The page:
Lingering somewhere in the shadows at Oslo'ês Nobel Prize ceremony may well have been the spirit of Reinhold Niebuhr, the 20th-century American theologian whom President Obama has described as his favorite philosopher.
As Obama navigated the choppy sea between hawks at home and doves in Norway, devotees of Niebuhr'ês 'êChristian Realism'ê heard much that resonated. 'êThere will be times when nations — acting individually or in concert — will find the use of force not only necessary but morally justified,'ê said the president.
Such was the argument Niebuhr made in the 1930s when he broke with the pacifist consensus of religious leaders prior to World War II. Niebuhr argued, 'êThere are situations in which refusal to defend the inheritance of civilization, however imperfect, against tyranny and aggression may result in consequences far worse than war.'ê
But Niebuhr also always qualified his endorsement of America. He viewed America as perennially tempted to claim too much virtue for its cause and likely to be blinded by its own sense of righteousness. His positions were nuanced. 'êGoodness,'ê wrote Niebuhr, when 'êarmed with power is corrupted; and pure love without power is destroyed.'ê It'ês not a simple world and there are no easy answers.
Obama may not only find an ally from the past in Niebuhr, but one for the future, this time in Canada. There political philosopher Michael Ignatieff heads Canada'ês Liberal party and is a favorite to succeed the current Prime Minister, Stephen Harper. In several books, including The Lesser Evil: Political Ethics in the Age of Terror, Ignatieff offers a complex approach to global issues that has much in common with Obama'ês.
Obama also drew upon the venerable moral tradition and doctrine of just war. Given fullest articulation by the medieval theologian Thomas Aquinas, 'êjust war'ê theory is one of the three approaches to armed conflict taken by Christians over the millennia. During the period of the early church, the first four centuries of the Common Era, Christians were by and large pacifists. Without political power and sometimes under attack by Roman authorities, Christians followed the example of Jesus who was willing to die for his faith but not to kill for it. Pacifism has continued among Christians, particularly in the so-called peace church tradition of groups such as Mennonites, Amish, and The Brethren.
At an opposite pole is a second position, the crusade. Medieval popes sponsored The Crusades, armed attempts to drive Muslims from 'êthe Holy Land.'ê Arguably, it was this tradition that was invoked by President George W. Bush whose initial invasion of Afghanistan in 2001 was described by the word 'êcrusade.'ê Though Niebuhr died in 1971, it seems likely that he would have challenged Bush'ês blanket claims of American righteousness and pointed out the dangers of asserting that God is on our side.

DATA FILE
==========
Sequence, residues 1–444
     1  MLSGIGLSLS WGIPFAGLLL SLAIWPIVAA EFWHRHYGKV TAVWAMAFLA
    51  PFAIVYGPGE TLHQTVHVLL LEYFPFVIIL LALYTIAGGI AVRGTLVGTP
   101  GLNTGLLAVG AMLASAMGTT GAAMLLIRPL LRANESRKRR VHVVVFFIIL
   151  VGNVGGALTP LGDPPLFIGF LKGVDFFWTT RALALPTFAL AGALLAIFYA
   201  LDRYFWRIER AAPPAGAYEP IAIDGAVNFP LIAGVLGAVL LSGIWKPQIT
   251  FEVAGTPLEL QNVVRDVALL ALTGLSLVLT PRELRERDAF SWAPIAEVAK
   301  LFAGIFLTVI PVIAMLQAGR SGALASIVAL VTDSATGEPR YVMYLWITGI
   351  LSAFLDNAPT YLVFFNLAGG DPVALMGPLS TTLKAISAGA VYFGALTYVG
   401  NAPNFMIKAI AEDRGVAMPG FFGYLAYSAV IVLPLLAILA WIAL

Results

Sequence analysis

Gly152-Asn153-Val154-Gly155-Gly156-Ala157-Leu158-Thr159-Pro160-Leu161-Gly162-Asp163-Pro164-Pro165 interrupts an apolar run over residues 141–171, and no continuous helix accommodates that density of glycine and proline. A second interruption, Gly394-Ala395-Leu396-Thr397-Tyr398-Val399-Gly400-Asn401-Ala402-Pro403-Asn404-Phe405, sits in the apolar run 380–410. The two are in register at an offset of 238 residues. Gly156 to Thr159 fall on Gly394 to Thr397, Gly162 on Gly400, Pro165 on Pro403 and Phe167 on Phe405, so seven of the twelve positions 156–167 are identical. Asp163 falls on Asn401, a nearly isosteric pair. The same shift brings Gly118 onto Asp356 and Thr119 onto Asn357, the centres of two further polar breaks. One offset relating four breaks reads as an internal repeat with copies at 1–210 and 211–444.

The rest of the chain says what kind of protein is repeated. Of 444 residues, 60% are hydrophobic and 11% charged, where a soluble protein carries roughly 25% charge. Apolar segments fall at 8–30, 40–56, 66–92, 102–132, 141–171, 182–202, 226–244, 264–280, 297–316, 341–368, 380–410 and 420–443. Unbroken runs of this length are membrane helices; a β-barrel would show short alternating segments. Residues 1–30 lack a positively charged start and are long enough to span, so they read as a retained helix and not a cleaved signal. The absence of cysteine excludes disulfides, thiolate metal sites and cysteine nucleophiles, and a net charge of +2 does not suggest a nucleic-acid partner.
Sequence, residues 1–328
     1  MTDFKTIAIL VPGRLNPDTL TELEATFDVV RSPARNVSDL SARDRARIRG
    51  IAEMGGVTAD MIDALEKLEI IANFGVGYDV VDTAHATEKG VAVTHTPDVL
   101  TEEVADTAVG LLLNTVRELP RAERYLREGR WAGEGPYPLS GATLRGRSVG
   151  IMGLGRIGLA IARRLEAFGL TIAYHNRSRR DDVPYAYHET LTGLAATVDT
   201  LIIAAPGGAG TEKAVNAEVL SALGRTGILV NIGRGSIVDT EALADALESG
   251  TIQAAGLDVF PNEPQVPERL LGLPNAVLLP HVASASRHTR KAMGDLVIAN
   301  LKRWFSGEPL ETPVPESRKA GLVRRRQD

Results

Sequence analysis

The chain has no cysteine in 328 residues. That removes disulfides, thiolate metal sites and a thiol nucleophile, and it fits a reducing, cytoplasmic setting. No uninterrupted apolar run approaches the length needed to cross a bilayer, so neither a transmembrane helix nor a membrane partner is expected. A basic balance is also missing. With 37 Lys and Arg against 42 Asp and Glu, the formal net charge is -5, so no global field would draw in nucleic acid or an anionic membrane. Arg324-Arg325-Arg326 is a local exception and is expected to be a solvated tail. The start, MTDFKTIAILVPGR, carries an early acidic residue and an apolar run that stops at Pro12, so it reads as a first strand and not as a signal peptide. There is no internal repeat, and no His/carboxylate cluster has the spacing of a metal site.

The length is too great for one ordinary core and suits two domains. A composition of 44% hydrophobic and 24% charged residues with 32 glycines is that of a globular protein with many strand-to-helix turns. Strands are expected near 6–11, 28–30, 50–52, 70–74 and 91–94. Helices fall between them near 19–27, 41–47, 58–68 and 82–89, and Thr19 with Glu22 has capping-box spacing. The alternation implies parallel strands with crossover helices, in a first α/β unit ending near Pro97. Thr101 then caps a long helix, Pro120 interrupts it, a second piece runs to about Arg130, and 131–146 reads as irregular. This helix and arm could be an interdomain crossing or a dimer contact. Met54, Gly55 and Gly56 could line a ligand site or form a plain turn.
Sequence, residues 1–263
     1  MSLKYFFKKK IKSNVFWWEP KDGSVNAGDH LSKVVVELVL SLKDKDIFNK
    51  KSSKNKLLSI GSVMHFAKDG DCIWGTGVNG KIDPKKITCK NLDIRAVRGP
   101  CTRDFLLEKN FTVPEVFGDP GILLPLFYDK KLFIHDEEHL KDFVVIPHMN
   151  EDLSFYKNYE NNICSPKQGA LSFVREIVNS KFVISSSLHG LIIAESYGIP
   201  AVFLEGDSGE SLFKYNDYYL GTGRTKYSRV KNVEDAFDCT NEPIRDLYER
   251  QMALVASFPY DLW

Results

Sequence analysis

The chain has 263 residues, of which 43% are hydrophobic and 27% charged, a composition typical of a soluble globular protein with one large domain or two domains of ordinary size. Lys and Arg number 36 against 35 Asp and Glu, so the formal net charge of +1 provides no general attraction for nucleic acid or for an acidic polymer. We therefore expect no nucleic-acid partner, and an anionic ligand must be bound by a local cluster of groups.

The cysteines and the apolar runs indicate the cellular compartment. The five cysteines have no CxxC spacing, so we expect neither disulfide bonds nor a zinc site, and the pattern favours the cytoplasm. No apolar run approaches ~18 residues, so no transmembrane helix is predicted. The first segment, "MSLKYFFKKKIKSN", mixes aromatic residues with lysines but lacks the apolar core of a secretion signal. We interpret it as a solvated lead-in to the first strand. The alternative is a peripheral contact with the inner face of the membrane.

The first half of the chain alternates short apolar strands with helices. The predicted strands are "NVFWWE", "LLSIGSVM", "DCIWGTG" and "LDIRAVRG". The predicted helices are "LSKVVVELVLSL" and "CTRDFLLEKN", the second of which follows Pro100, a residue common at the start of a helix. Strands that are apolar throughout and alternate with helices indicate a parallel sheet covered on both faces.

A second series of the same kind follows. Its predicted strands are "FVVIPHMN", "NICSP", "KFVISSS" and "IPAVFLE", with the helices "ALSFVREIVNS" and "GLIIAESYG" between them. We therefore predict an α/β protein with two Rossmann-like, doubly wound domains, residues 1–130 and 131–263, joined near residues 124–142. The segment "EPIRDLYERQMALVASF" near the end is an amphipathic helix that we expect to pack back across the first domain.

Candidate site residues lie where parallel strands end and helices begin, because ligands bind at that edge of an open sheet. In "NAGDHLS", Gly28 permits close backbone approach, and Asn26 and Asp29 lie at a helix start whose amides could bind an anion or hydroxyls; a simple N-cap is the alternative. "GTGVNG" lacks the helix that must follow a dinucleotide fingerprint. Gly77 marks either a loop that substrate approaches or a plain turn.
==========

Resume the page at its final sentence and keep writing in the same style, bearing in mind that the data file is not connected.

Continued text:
The third, and predominant, Christian position has been the doctrine of just war. While critics regard it as so much window dressing, others see it as a way to subject the inherent unholiness of war to some moral criteria and checks. Aquinas proposed four criteria a war had to meet in order to be considered morally defensible or just.
First, such a war must be declared and waged by a legitimately constituted authority. Critics of recent American wars have pointed to this, maintaining that many of America'ês wars have not been declared by an act of Congress as the Constitution requires.
Second, said Aquinas, a just war must have a just cause. Invading another nation to acquire its land or resources did not qualify. This argument was made in support of the first Gulf War in 1991 after Iraq invaded Kuwait.
A third criteria for a war to be considered just has to do with intention or intended outcome, which must be that of establishing good or rectifying evil. When leaders today debate the question of 'êmission,'ê i.e. what'ês the goal or purpose, the intention criteria is brought into play.
Finally, according to Aquinas, a just war must be waged by just means. This meant that noncombatants were not to be targeted, disproportionate means were not to be used, and prisoners were not to be tortured. Again, the question of just means has been frequently in play in recent years as civilian causalities and torture have been debated.
In Oslo Obama located himself and his newly announced policy in Afghanistan in the just-war tradition saying, 'êMake no mistake: Evil does exist in the world. A nonviolent movement could not have halted Hitler'ês armies. Negotiations alone cannot convince Al Qaeda's leaders to lay down their arms.'ê
It seems likely that Niebuhr would have nodded, albeit sadly, in agreement.